Johnson Back on Track at PSU

The Nittany Lions' senior defensive tackle is making his presence felt after missing the 2005 season. Heading into Saturday's matchup with Northwestern, Johnson had three sacks and had proven to be a run stuffer on the line.

It was not Ed Johnson's choice to leave State College and head to his home in Detroit last fall. Yet he accepted it, just as he's accepted all misfortunes that he's been dealt.

“It was the second hardest thing I ever experienced in my life next to losing my mom,” Johnson said. “It was like breaking up with your first love. It was hard, unexpected. Never thought it would come.”

When asked of the circumstances surrounding his departure from the Penn State football team last fall, he describes it as aan “unfortunate situation,” but he returned for the spring semester, where he tried to win back his job and his way out of head coach Joe Paterno's dog house. Penn State said Johnson was suspended for the fall semester due to an unspecified violation of the school's code of conduct.

As Penn State won the Big Ten title, Johnson couldn't watch most of the games; seeing the Nittany Lions succeed without him became too much to bear. Instead, he confined himself to his weight room and the practice field of his high school.

At Crockett Technical in Detroit, he toiled as an assistant coach, working on the scout team as quarterback and wide receiver. He stayed away from his home position of defensive tackle or end.

“No, I never got down in the trenches with them,” he said with a laugh. “They tried to test me a couple of times, they tried to call me out.”

Crockett Technical went 10-2 and advanced to the state quarterfinals, while the junior varsity team went undefeated and took the city league title.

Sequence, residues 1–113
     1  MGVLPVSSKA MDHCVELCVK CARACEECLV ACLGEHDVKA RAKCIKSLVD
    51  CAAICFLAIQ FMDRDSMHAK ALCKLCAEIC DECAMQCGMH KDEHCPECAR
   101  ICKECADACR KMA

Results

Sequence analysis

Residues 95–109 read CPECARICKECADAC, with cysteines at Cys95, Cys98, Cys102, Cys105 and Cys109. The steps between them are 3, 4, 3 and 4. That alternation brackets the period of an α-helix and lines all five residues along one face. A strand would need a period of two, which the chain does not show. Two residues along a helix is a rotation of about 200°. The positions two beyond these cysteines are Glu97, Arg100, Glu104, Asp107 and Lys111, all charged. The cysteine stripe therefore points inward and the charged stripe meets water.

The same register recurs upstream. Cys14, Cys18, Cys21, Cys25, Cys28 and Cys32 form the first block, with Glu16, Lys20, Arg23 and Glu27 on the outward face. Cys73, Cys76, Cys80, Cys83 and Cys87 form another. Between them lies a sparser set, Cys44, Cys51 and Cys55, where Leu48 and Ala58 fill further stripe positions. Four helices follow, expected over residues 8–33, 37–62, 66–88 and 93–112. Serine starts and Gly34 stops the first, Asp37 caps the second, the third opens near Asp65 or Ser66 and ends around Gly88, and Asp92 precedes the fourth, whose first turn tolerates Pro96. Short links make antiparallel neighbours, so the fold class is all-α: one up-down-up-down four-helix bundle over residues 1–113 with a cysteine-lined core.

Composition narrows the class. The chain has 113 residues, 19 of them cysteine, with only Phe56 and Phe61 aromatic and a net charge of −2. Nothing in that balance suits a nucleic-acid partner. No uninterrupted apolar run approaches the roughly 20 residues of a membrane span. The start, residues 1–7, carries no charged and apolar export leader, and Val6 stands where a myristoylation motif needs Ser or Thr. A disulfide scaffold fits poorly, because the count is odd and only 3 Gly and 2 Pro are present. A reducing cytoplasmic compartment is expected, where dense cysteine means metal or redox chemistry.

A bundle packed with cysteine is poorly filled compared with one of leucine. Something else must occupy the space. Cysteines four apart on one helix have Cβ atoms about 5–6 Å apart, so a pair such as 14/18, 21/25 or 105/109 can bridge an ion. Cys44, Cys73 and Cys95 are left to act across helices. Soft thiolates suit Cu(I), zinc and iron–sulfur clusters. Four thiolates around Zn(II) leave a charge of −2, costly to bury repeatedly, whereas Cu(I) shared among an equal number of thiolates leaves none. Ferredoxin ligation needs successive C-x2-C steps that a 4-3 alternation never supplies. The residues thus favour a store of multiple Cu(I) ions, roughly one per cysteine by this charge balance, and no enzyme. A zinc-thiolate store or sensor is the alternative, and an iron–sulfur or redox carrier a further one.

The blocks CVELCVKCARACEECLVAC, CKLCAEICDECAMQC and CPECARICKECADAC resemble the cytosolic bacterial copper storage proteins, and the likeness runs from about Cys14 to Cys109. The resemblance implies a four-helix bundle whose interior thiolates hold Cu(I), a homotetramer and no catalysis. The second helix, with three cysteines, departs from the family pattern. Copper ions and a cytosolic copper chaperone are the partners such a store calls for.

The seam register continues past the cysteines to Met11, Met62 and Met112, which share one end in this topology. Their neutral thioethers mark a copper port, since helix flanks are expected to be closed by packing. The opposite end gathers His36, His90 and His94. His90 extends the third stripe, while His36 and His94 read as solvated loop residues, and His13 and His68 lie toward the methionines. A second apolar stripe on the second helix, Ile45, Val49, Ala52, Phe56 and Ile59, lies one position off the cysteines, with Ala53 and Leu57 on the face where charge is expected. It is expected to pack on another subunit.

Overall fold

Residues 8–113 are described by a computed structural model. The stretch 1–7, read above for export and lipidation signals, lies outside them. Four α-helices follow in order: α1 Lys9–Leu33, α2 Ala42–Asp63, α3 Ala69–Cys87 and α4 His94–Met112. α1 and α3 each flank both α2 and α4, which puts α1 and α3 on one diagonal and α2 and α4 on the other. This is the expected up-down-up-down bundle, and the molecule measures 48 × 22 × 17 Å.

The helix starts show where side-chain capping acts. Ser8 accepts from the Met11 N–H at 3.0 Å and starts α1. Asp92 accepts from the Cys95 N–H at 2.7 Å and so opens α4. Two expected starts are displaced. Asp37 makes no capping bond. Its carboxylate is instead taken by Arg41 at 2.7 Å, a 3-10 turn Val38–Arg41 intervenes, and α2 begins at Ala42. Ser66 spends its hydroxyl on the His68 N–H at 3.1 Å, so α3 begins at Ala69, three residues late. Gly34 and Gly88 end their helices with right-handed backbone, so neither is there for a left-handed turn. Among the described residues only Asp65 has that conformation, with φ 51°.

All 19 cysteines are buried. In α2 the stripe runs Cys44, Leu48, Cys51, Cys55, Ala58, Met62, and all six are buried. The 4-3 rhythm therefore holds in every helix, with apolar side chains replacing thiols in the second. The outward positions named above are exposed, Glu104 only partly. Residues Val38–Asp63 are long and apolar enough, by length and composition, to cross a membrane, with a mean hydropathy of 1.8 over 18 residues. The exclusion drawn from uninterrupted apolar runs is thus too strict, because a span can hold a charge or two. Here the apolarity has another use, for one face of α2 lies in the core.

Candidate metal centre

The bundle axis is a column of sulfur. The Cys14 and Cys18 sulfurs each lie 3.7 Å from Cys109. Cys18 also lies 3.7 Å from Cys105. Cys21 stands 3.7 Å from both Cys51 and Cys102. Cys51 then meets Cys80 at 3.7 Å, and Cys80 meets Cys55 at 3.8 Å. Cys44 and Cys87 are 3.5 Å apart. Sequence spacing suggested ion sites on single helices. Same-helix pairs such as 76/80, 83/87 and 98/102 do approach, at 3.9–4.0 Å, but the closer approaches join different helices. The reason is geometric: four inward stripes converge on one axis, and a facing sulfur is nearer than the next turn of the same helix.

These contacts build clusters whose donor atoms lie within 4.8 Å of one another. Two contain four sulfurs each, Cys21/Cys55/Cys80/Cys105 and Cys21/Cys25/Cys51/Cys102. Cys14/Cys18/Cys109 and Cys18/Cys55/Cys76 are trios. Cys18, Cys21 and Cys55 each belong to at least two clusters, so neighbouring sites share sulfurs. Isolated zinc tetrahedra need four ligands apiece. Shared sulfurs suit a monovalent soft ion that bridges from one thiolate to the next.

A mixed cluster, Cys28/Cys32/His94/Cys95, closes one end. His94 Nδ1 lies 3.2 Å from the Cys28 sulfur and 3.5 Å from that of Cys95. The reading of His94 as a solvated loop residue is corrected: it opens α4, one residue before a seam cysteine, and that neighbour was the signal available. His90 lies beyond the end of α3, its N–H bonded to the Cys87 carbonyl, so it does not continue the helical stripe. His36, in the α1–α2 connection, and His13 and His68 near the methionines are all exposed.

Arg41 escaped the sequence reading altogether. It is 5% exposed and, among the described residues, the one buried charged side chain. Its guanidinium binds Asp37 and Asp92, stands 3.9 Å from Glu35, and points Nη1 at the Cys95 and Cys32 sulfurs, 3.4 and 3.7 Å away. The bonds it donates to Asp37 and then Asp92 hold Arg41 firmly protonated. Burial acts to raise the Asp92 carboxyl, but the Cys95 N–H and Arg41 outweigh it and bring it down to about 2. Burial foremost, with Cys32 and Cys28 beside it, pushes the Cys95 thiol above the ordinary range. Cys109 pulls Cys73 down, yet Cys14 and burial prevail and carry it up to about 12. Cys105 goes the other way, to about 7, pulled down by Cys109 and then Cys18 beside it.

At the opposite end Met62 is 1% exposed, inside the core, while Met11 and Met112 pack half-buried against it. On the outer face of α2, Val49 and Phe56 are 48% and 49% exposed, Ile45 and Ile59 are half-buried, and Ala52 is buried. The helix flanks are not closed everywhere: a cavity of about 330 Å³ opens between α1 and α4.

It was a rewarding experience. Johnson said he was happy to go back and contribute to the program that allowed him to earn an athletic scholarship.

But it also taught him accountability.

“I always pride myself on being accountable for the actions I do,” Johnson said. “It's not so much what you do but it's what you don't do and you have to take those into consideration because anything can affect you.”

Meanwhile, the Penn State program had undergone a change as well. The freshmen who sparked last season's Big Ten title run never really knew him and the seniors who played key roles in the turnaround had moved on as well.

The experts seemed to forget about him, too. They said the defensive line would be weakened by the departures of Scott Paxson, Matt Rice and Tamba Hali. Just Jay Alford returned to the unit.

Johnson had started in 2004, but he opted not to acknowledge the slight.

“I never took it as personal,” he said. “It was true. They had three starters that were here last year and they were gone. Everyone knows I've been a starter since I've been here so it wasn't personal at all.”

In the early part of this season, Johnson quickly stamped himself as an impact player.

Against Akron, he failed to bring down the quarterback in the backfield, but against Notre Dame, he got his first one in almost a year — for a loss of 11 yards. He's up to three on the year with 15 tackles heading into today's game with Northwestern.

His life and his football career are back on track.

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